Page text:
The frequent collaborations between Martin Scorsese and Robert De Niro produce incredible results without fail. Goodfellas and Taxi Driver are the two most obvious choices, and it seems The King of Comedy is severely overshadowed by those two aforementioned classics.
By far one of the most interesting performances that Robert De Niro has ever delivered, his starring lead as Rupert Pupkin is probably one of his best. Edging closer to his performance in Taxi Driver, Pupkin is a man without any means of accessing reality. He visualises a fantasy friendship with his idol Jerry Langford, here played by Jerry Lewis. I’ve not seen Lewis in anything else aside from The Trust, but from what he delivers in The King of Comedy, I can safely assume he’s quite the talent.
He and De Niro have some great chemistry throughout, or lack thereof. It makes their relationship feel almost like a game of cat and mouse, with Pupkin consistently trying to contact Langford. It’s the epitome of an anti-hero. Are we meant to root for Pupkin? Probably not, but that doesn’t stop me from connecting to him and hoping he at least succeeds somewhat in his aims. His need for stardom and those ever infamous five seconds of fame.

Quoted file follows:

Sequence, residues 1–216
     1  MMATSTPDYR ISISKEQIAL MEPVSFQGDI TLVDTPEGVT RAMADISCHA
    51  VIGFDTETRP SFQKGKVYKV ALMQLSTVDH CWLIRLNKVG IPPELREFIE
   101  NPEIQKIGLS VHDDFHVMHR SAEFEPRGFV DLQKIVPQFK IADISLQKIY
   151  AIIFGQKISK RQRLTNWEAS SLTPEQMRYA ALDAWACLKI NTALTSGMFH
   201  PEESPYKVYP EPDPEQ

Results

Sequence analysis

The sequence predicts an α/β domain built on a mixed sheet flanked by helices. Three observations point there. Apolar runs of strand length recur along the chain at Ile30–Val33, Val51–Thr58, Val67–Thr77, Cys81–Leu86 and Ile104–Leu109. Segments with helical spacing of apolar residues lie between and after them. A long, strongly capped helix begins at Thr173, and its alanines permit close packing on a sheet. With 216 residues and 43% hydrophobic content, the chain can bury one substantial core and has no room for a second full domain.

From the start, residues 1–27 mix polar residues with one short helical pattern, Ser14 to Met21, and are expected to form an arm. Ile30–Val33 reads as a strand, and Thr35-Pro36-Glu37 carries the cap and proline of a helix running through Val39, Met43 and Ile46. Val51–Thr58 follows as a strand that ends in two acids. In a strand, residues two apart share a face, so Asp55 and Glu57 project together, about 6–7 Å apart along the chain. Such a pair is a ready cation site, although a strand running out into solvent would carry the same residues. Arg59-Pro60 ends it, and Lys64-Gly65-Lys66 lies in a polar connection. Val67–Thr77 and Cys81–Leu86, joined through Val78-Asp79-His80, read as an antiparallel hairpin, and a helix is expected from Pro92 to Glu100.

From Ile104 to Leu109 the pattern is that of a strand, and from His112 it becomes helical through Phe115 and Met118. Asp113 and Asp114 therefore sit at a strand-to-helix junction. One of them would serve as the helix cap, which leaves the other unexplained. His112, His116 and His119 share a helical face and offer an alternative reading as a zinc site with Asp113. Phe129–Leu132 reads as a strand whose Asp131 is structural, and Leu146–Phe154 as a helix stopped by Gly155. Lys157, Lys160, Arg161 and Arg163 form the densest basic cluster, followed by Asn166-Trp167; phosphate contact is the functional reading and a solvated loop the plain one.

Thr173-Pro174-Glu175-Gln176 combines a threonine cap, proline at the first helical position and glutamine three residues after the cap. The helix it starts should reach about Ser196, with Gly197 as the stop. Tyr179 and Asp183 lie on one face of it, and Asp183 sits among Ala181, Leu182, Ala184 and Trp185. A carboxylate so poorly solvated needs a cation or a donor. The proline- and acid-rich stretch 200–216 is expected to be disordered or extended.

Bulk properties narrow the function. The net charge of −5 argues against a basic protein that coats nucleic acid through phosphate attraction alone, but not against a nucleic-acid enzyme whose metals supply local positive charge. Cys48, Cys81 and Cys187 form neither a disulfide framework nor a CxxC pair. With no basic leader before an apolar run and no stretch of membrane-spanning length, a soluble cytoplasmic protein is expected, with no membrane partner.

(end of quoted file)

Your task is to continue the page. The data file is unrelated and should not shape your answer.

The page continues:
Pupkin only works as a character because he’s actually quite good at what he does. He longs to break into the world of stand-up comedy, and as detailed throughout, he isn’t the worst comedian in the world. All of this comes down to some fantastic writing though, with a great script coming from Paul D. Zimmerman.
Black comedy has become a personal favourite of mine over recent years, and I feel that’s why The King of Comedy sat so well with me. Yet another Scorsese classic with a handful of interesting characters hiding some conventionally unsubstantial plot devices. De Niro and Lewis work tirelessly to bring this project to life, and it pays off well overall.